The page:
- The Emporia Gazette
About the Author
Mark Helprin is the acclaimed, #1 New York Times bestselling author of Winter’s Tale, In Sunlight and in Shadow, A Soldier of the Great War, Freddy and Fredericka, The Pacific, Ellis Island, Memoir from Antproof Case, and numerous other works. His novels are translated into more than twenty languages and read around the world. He lives in Virginia.
Top customer reviews
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Mark is an excellent writer and has a sarcastic wit aimed at bureaucrats in both large companies and in the government. From time to time, his humor brought a chuckle to me. Further, he has a love of music, especially classical music, but also has disdain for other forms of music, e.g. "be bop" and headache music (I'll leave to you to determine the specifics). Music has to be done right, and poorly done music is a bane to society. He is also a sarcastic critic of today's culture and society.
What kept me interested in the book, however, was identifying what was going to happen to Jules Lacour. The book capture my interest so well, that I couldn't put it down. At the end, the book did not disappoint.
If you want to read a beautiful, well written story about today's society and individuals doing right when everything around them is going wrong, I highly recommend this book. The writing is beautiful - I already wrote that, but is worth writing again.
This is the best book that I have read this year.
30 year old with life ahead of him. This 78 year old man just lived a lifetime in 29 chapters with Jules Lacour, an obscure Parisian cellist with a wonderful sense of the world around him and a determination to right two cruel executions that might have been averted had a celebratory Bach solo been delayed for fifteen minutes and another later injustice that cost him a million euros.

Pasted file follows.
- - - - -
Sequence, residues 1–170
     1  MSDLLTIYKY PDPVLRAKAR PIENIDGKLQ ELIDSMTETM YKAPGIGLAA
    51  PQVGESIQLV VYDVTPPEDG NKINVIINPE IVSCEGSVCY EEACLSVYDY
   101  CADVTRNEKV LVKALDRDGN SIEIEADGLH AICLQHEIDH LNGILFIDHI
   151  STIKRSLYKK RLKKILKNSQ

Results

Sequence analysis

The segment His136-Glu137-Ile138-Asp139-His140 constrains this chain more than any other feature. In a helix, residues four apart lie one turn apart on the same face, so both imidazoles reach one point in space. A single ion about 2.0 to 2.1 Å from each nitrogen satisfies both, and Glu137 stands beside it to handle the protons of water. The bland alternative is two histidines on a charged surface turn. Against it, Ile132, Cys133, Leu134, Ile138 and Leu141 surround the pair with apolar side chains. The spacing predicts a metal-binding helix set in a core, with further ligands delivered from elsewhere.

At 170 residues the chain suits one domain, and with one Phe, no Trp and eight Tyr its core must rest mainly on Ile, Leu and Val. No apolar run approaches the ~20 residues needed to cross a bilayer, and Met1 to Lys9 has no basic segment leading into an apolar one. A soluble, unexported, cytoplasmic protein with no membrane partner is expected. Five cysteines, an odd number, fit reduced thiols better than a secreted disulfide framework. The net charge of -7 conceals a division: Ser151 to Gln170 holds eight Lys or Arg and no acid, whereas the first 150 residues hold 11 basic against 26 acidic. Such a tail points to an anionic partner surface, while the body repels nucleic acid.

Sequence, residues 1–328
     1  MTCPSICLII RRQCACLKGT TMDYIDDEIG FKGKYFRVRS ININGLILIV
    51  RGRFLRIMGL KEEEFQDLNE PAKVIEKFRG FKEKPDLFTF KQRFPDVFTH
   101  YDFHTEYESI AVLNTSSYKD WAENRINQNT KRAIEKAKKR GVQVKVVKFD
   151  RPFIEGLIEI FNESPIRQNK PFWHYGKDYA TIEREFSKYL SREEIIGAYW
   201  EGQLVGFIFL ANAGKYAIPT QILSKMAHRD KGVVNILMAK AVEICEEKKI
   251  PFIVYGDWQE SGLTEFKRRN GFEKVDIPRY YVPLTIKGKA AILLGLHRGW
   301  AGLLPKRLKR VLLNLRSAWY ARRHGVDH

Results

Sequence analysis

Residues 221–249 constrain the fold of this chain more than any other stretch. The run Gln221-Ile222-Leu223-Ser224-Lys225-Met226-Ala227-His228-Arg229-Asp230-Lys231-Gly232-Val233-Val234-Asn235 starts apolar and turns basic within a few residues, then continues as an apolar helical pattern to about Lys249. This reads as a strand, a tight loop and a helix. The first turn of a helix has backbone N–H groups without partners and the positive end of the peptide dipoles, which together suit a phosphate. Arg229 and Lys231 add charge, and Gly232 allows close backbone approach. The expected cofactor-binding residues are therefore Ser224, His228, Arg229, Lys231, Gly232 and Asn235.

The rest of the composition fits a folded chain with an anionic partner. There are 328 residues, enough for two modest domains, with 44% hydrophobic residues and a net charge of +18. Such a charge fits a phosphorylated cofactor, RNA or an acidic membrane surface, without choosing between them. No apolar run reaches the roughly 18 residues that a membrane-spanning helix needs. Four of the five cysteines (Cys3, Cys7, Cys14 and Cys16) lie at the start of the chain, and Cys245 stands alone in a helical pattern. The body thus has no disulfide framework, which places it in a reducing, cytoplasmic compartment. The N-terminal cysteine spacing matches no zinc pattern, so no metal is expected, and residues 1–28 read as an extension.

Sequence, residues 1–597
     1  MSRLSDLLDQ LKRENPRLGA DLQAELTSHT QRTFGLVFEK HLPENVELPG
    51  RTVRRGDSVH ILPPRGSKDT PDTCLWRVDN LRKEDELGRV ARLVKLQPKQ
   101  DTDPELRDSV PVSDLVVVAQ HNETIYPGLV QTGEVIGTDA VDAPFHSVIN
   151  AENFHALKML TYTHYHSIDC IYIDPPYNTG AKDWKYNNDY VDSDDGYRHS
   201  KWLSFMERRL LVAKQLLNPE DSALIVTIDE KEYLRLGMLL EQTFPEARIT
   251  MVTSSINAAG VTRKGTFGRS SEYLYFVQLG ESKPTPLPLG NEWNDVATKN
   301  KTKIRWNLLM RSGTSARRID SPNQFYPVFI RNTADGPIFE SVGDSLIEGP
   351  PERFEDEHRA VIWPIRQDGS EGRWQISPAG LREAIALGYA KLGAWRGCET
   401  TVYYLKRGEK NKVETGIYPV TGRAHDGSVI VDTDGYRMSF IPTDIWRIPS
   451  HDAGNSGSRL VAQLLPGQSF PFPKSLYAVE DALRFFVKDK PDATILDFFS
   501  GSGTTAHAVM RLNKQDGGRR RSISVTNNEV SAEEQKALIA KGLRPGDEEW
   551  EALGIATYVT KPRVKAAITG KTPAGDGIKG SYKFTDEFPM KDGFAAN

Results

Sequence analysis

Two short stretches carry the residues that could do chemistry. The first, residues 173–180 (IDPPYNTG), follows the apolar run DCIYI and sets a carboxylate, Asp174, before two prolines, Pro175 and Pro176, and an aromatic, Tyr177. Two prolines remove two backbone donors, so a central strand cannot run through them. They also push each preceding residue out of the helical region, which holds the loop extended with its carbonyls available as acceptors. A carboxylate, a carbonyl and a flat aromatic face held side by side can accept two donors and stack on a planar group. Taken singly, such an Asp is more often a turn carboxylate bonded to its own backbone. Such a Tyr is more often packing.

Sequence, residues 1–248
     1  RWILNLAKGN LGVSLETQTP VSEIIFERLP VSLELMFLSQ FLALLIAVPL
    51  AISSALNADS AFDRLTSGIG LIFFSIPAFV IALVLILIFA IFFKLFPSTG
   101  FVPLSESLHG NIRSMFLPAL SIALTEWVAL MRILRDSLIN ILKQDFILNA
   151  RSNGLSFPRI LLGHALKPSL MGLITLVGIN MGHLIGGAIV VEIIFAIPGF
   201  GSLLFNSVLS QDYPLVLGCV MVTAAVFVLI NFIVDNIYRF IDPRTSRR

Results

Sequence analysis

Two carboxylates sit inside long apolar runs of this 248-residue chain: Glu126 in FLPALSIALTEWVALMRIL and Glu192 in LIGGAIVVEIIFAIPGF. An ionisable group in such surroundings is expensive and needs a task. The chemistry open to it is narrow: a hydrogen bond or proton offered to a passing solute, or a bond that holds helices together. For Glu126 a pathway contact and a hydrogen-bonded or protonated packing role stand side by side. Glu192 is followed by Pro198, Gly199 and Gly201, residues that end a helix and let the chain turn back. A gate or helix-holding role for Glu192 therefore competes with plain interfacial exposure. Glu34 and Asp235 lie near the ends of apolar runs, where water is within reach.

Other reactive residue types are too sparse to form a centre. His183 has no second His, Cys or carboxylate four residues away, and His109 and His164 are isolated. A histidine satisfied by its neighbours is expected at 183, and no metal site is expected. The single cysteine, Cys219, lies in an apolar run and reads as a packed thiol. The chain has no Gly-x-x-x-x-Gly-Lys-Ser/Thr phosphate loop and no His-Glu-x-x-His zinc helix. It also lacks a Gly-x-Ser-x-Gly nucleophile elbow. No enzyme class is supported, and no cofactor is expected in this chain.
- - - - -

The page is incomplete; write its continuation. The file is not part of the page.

You will seldom experience such a book and such a life that is finally voluntarily given up so that another may live. It is a book with a touch of Magical Realism and full of moments of laughter and sometimes implausible actions. A fine reader from Audible.com told me a story that I rationed out in measured doses as one can not eat two consecutive fine chocolates and duplicate the initial delight. Do yourself a holiday favor and savor this fine book.
The rest of the novel took me on a voyage of surprises and delights of how Jules views life, much different than most of us, providing for him a way to compose beautiful music. Jules travels to the USA in a misadventure, pursuing a large sum of money for a composition and the plot changes abruptly when he is running in Central Park. Jules eventually creates an elaborate plan to fund Luc's treatment, and the reader watches as events unfold.
Helprin writes strongly about anti-Semitism in France, and as a Holocaust survivor, Jules is determined to get Catherine, her husband, David, and Luc to a country where attacks on Jews is not as prevalent as in France. I'm afraid that in light of current events, this is wishful thinking, but admirable for a father.
Jules sees himself as a failure in life, no prominent academic appointment or international fame as a performing cellist for all his life's work. He loved his wife Catherine with a passion that he maintains today and yet, it seems, he may have failed there as well. Jules does ultimately find redemption, in a manner, many of us might not be willing to sacrifice. I suppose for the readers of this novel; the question is whether Jules is a hero or a fool.
Most recent customer reviews
It’s full of insights, such as how Bach and Beethoven wrote classical music that were a...Read more